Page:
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Credit Card Fraud: how to stop it before it happens

Credit Card Fraud: how to stop it before it happens

February 23, 2021

I was home on a Friday afternoon when my cell phone rang from a number I did not recognize. An automated voice announced it was my credit union and they wanted to review some recent credit/debit charges, such as a $500 purchase at an electronics store in Florida and a $70 purchase at a Walgreens in North Carolina. I realized that someone, somewhere, somehow, had obtained my credit card information and went on a spending spree. Fortunately, my credit union caught it and shut down the card. Unfortunately, I became one of millions of victims of credit card fraud. The Federal Trade Commission says consumers reported credit card fraud more often than any other form of identity theft in 2017. Fortunately, there are steps you can take to avoid becoming a victim.

Here are some do's and don'ts:

  1. DO review your financial statements. Log on to your accounts online to keep up on charges, and make sure you go through the paper statements each month.
  2. DO beware of ‘phishing.’ Phishing is a scam to trick consumers into revealing personal information. You may receive an email, a text, a letter, or even a phone call from what appears to be a legitimate source, asking for your information, including credit card numbers. Always be wary of requests for your personal information, and always verify before giving it out.
  3. DO be watchful for ‘skimmers.’ Thieves may install skimming devices on an ATM machine or gas pump. When you swipe or insert your card, your credit card number is compromised. If you see something unusual, report it. It is also a good idea to use bank-owned ATMs for cash withdrawals.
  4. DON’T save your credit card information online. I love to shop online, and my credit card was saved on file at several of my favorite retailers so it was easier to check out. However, companies can experience data breaches, putting your information at risk. You can limit your risk by entering your card information manually every time you shop online. You may also choose to use a service like PayPal.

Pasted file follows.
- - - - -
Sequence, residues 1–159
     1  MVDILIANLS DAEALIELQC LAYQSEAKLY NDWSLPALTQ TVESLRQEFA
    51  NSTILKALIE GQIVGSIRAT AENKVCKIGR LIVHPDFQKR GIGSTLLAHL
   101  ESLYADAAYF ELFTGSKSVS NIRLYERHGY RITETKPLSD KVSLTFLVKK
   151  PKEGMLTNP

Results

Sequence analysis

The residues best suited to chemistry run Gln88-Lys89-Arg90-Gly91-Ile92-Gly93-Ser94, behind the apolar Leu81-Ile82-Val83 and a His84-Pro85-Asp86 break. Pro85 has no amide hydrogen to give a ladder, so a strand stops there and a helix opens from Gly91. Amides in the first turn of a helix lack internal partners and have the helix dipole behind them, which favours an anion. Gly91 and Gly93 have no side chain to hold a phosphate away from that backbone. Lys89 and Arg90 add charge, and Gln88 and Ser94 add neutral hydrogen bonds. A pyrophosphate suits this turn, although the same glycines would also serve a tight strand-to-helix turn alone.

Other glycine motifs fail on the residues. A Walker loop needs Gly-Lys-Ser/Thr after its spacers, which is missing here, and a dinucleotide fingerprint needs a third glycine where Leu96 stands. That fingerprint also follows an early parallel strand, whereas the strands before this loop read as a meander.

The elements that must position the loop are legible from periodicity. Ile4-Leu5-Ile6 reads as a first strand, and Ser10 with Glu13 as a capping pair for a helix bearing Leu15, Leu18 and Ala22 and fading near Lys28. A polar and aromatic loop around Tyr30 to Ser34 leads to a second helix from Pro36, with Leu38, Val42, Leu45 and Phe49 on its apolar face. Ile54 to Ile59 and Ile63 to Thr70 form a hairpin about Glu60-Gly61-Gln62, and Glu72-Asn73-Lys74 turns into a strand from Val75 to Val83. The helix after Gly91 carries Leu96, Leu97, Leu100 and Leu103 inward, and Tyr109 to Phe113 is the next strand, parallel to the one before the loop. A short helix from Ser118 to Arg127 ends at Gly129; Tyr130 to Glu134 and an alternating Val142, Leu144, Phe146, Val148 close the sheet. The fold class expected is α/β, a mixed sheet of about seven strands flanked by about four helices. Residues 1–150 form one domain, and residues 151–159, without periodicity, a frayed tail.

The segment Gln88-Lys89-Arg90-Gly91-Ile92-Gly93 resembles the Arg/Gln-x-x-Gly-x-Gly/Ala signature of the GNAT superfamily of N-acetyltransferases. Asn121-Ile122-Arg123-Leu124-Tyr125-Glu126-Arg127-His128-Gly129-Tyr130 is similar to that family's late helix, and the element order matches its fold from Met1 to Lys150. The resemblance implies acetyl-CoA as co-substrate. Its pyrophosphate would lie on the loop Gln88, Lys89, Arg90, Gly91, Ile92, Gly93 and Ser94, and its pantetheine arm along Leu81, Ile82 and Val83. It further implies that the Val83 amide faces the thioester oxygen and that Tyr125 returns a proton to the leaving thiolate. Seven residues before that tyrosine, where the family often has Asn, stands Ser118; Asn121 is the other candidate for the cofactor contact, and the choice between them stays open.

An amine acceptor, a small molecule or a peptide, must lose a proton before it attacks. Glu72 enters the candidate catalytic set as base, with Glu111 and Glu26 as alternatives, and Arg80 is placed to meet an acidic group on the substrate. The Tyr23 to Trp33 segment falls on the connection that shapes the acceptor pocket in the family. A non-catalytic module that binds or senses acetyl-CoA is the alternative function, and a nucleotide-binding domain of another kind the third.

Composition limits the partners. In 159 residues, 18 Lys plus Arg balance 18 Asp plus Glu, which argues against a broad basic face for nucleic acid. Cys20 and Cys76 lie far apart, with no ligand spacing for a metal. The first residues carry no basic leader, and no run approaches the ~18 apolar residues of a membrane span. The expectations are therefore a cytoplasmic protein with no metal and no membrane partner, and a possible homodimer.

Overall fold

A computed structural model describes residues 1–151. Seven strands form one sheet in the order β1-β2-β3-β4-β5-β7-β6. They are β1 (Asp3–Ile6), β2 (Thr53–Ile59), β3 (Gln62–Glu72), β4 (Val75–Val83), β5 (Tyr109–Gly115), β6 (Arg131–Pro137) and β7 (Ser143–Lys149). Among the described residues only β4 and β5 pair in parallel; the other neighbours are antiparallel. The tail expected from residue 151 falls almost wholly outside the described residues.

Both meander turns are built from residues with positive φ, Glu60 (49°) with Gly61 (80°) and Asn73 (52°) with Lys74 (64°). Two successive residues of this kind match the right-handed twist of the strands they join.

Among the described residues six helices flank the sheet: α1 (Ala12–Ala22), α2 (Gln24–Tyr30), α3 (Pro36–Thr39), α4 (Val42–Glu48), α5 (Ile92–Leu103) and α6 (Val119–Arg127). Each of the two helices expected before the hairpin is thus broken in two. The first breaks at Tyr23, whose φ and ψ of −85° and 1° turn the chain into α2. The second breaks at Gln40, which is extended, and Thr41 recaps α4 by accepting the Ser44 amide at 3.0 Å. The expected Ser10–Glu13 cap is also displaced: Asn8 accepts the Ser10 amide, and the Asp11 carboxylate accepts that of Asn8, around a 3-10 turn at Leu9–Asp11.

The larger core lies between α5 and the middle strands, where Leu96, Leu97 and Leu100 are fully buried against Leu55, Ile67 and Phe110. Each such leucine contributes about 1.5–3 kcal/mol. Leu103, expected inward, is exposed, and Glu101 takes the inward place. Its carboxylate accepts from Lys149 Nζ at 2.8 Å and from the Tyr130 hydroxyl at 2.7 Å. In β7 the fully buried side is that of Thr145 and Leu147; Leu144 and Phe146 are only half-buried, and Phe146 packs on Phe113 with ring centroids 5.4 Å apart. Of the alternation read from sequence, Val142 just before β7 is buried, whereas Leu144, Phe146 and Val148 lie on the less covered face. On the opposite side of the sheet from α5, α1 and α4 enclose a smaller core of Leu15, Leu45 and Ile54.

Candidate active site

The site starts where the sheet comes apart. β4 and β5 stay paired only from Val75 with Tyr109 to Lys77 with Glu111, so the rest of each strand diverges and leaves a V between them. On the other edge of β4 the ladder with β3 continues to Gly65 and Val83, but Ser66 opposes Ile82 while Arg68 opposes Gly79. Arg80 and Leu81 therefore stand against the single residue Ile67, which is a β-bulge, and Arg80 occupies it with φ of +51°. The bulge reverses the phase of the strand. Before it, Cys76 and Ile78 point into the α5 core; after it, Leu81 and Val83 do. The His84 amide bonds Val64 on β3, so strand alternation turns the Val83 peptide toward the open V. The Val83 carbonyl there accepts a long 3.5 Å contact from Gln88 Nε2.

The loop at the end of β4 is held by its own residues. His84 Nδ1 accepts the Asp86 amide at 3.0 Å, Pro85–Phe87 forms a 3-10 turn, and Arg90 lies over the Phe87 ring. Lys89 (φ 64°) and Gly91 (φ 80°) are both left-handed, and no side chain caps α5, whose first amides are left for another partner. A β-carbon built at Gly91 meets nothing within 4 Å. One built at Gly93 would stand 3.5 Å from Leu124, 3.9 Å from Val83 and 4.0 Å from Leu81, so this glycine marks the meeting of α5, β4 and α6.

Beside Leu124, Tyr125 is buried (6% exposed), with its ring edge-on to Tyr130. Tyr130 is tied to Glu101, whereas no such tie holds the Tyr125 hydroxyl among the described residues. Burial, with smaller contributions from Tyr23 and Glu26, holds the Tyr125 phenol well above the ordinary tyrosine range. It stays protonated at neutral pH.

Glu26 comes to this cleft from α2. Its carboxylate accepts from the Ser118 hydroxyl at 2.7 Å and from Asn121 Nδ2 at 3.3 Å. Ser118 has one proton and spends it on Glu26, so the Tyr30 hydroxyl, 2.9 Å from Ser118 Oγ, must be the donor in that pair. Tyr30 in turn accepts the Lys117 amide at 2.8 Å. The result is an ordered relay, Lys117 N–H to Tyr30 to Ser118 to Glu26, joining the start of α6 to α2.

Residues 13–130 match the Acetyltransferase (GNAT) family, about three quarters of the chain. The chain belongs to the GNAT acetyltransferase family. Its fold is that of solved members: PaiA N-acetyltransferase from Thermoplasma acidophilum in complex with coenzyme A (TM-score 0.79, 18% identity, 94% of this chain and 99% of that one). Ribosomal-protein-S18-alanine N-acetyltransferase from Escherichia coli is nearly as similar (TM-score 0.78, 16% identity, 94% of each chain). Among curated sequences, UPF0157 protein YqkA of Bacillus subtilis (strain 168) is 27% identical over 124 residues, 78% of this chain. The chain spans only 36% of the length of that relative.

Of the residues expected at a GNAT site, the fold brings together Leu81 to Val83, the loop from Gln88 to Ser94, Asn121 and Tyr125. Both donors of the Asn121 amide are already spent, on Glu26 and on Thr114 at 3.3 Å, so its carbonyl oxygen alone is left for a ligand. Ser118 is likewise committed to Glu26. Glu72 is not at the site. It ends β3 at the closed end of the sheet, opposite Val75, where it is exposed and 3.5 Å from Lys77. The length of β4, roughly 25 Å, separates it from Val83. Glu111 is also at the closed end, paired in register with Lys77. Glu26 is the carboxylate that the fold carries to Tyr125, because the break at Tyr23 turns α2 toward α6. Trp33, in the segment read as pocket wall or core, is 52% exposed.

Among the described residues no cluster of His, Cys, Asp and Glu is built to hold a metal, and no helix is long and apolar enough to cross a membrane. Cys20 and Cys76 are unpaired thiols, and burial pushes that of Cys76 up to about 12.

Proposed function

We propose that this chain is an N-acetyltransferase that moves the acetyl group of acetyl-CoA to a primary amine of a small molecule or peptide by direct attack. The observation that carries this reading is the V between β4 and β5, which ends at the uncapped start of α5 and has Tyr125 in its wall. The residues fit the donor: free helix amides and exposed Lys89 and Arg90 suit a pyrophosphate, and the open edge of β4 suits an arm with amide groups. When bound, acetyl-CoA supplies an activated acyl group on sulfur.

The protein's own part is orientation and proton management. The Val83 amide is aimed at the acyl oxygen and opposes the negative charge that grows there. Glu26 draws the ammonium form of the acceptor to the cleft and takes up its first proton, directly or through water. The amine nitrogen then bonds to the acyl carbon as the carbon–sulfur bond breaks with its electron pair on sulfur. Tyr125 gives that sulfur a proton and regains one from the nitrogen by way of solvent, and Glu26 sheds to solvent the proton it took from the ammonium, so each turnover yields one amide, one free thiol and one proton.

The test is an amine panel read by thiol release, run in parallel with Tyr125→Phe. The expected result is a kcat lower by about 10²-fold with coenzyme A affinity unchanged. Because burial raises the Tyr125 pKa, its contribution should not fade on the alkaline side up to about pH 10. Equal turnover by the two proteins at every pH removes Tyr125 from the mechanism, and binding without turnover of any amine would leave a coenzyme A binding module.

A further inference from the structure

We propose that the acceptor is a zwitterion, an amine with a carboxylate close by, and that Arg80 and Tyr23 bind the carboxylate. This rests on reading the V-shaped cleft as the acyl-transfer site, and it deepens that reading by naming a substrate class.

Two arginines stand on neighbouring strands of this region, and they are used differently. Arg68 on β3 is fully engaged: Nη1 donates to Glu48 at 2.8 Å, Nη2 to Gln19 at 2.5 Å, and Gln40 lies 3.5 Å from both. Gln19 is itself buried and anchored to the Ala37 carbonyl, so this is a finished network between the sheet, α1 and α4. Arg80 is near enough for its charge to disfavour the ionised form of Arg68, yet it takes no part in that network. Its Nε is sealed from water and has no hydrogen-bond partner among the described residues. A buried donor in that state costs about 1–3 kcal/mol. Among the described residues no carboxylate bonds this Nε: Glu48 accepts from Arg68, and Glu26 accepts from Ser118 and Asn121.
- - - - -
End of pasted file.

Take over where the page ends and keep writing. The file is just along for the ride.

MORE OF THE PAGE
5. DO use mobile payment apps. Apple Pay or Android Pay use tokenization technology. The transaction is conducted without your primary account number, so your information remains secure.
  6. DON’T use unsecure websites. If you are shopping online, make sure the web address begins with HTTPS. If the (S) is not there, that means the site is not secure and you should not enter your personal information. You may also look for a padlock on the left side of the address bar.
  7. DON’T conduct credit card transactions in public places on public Wi-Fi. A thief on that public network could scan the data and capture your information. Some thieves also set up a Wi-Fi network with a similar name to capture your information that way.
  8. DON’T use the same password for everything. If you use the same password for more than one site, you are putting yourself at risk. If one site experiences a breach, hackers could use your information to see if it works on several other sites. Password managers, like 1Password, can be a big help. They can store and suggest unique passwords so you do not have to remember them yourself.
  9. DO shred documents that show your credit card number. Thieves can try any trick in the book, including going through recycling bins on trash day!
  10. DO keep apps and anti-virus software up to date.

Something to keep in mind:

It is important to note you are not liable for fraudulent credit card purchases, but it can still be a major hassle to resolve. You will have to get a new card and go through the process of changing all of your autopay charges to the new account. Taking a few precautions will help reduce your risk, and keep your personal information private.


NOTE: The Federal Trade Commission also suggests some steps you can take if you fall victim. Visit